And we're off! To a very bland start, I'm afraid. With the exception of the amethysts in Norway in 2002, these are a primarily forgettable bunch - style still under construction.

Something about Spain in 2004 brought out her experimental side, because yes, that is a jumpsuit with an attached cape there in the blue. The orange for the day wedding with barely a fascinator in place was quite a departure too. We also have here a wedding repeat (2008 and 2010), and a tiara repeat (poor Denmark, always with the Four Button).

Victoria's style has much improved, but it's still a bit of a mixed bag - the day weddings are greatly enhanced by the evening appearances, and forever saved by that dreamy creation from Madeleine's wedding. Certainly on my list of favorites for the year, and absolutely, without competition, my favorite here.

Which one's your favorite?

Photos: Getty Images/Rex/Polfoto/Scanpix/IBL/WireImage

12 November 2013

Weekly Royal Fashion Awards: November 5-11

Best of the Week
The Benelux Queens
Our newest pair of sovereign couples take the cake this week, as the Belgians paid a quick (super quick) introductory visit to the Dutch. Nice and neat queens, the both of them. I half expect Máx's shoulder bow to fly off and end up as some sort of epic butt bow on an outfit to come, but still.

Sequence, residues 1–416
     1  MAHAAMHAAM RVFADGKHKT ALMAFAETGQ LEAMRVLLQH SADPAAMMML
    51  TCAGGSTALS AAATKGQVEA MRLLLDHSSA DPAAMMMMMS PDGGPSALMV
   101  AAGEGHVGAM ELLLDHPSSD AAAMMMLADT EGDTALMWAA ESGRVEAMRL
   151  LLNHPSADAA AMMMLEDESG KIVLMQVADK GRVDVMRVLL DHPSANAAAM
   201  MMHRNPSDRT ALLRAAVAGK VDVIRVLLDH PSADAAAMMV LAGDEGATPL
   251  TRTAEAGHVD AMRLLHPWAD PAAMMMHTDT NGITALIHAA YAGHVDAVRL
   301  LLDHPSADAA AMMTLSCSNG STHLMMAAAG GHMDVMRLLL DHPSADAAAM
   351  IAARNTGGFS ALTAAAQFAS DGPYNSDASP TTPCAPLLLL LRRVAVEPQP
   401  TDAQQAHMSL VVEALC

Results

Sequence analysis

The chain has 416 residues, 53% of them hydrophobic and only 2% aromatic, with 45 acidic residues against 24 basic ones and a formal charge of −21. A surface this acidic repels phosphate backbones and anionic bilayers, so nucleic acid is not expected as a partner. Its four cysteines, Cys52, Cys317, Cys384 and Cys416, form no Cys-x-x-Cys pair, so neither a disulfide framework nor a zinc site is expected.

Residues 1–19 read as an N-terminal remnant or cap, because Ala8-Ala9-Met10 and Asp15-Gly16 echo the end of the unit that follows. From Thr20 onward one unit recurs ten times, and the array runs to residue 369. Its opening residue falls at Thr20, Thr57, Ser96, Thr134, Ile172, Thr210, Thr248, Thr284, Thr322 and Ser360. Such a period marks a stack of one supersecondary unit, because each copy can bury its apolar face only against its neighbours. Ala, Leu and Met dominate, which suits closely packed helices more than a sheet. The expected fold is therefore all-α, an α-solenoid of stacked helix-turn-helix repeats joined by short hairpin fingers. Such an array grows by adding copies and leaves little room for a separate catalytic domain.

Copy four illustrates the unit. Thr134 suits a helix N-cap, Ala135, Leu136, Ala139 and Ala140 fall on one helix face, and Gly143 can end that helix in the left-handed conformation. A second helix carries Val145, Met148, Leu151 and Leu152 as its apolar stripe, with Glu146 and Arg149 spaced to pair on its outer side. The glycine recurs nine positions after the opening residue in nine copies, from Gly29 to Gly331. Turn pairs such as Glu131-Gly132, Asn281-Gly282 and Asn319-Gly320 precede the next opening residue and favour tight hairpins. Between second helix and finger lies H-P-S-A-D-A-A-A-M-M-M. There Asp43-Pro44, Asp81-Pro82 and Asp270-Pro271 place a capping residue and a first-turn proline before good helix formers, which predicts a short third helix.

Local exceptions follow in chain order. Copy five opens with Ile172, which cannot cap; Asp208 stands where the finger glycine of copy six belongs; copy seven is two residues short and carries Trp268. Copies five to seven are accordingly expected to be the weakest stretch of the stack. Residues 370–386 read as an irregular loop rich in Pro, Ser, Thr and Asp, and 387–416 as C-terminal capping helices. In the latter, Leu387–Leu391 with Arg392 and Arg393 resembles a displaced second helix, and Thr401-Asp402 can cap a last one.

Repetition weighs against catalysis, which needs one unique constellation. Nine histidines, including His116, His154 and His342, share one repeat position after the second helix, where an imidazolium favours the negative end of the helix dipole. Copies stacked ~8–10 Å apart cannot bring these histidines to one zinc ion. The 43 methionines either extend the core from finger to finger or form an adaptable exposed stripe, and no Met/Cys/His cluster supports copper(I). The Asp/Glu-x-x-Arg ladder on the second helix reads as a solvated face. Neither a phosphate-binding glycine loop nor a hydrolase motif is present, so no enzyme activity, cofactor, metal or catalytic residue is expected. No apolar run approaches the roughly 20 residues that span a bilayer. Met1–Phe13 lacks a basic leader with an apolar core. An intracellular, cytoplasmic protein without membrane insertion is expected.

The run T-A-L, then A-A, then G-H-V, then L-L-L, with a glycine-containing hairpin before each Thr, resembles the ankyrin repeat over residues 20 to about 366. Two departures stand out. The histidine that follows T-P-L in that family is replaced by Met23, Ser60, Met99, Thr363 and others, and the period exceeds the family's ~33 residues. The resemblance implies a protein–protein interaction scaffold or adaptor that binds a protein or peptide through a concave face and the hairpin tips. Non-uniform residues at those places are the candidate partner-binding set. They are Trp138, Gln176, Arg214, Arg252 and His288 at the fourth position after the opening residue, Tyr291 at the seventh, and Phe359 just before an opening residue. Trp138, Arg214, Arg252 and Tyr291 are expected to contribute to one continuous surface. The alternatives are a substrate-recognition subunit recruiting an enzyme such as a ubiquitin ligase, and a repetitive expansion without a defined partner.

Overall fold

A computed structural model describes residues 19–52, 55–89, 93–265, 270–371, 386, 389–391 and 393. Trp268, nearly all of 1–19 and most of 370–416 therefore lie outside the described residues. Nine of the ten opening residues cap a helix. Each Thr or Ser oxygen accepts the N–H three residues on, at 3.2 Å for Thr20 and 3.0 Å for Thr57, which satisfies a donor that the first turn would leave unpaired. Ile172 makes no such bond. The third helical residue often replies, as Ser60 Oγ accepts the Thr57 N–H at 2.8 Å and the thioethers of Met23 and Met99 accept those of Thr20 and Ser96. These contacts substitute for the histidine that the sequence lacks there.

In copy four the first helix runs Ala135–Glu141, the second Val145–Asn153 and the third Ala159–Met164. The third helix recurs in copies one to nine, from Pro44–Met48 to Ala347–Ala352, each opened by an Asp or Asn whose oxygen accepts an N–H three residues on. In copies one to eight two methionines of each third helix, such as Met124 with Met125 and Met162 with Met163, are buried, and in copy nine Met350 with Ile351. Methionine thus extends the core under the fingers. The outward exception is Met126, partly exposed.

Most Intriguing Trip
Crown Princess Victoria

Video: Victoria and Daniel made a short visit to Britain
Here's one that improves on video, I think. Because after seeing it in action and learning that it was Stella McCartney (a little nod to diplomatic dressing there, picking a British designer), I have upgraded Victoria from "Beetlejuice in SHOOTIES" to "Intriguing". It was a surprisingly fashion-forward trip for Victoria, as she also debuted a piece from the Isabel Marant H&M collection.
Left to Right: Stella McCartney and Isabel Marant pour H&M as worn by Victoria; Máxima in Russia; Mary in Mexico
Royal trips are starting to pick up again on the whole and in addition to the Belgians, the Dutch went to Russia, and the Danes have just started a visit to Mexico (we'll have the rest of the trip next week, so hang on for that). Máxima's last two outfits in Russia were pretty great, but overshadowed by the oddness of the whole visit - it closed a year which was focused on Dutch/Russian relations but which was also filled with problems and diplomatic messes. I mean, someone tried to pelt them with rotten tomatoes while they were there! They missed, but the whole visit just seems like one best put in the past.

Best of the Rest
Princess Letizia
Letizia at a ceremony and an awards presentation; Máxima at an anniversary event, presenting a prize, and at a performance; Mathilde making another city visit; Kate promoting Poppy Day
The rest of the week was a mixed bag, and this is a far from complete round up. (Mary, for example, had a couple other appearances including a concert where her own outfit was nothing compared to her father-in-law's sartorial flair - video link.) (And there was Estelle, but she's the automatic highlight.) I'll honor Letizia's bit of sparkle, while diplomatically ignoring the jumpsuit.

Who was your best dressed last week?

P.S.: If you're interested in the Remembrance Day events in the U.K. or the Tiara Watch they had there last week, head over to the Jewel Vault!

Photos: RVD/HKH/TT/Kungahuset/Getty Images/AP/RTL/Mexico Presidency/Getty Images/DutchPhotoPress/ANP/Lesoir/WPAPool

08 November 2013

Flashback Friday: Princess Alexandra's Gowns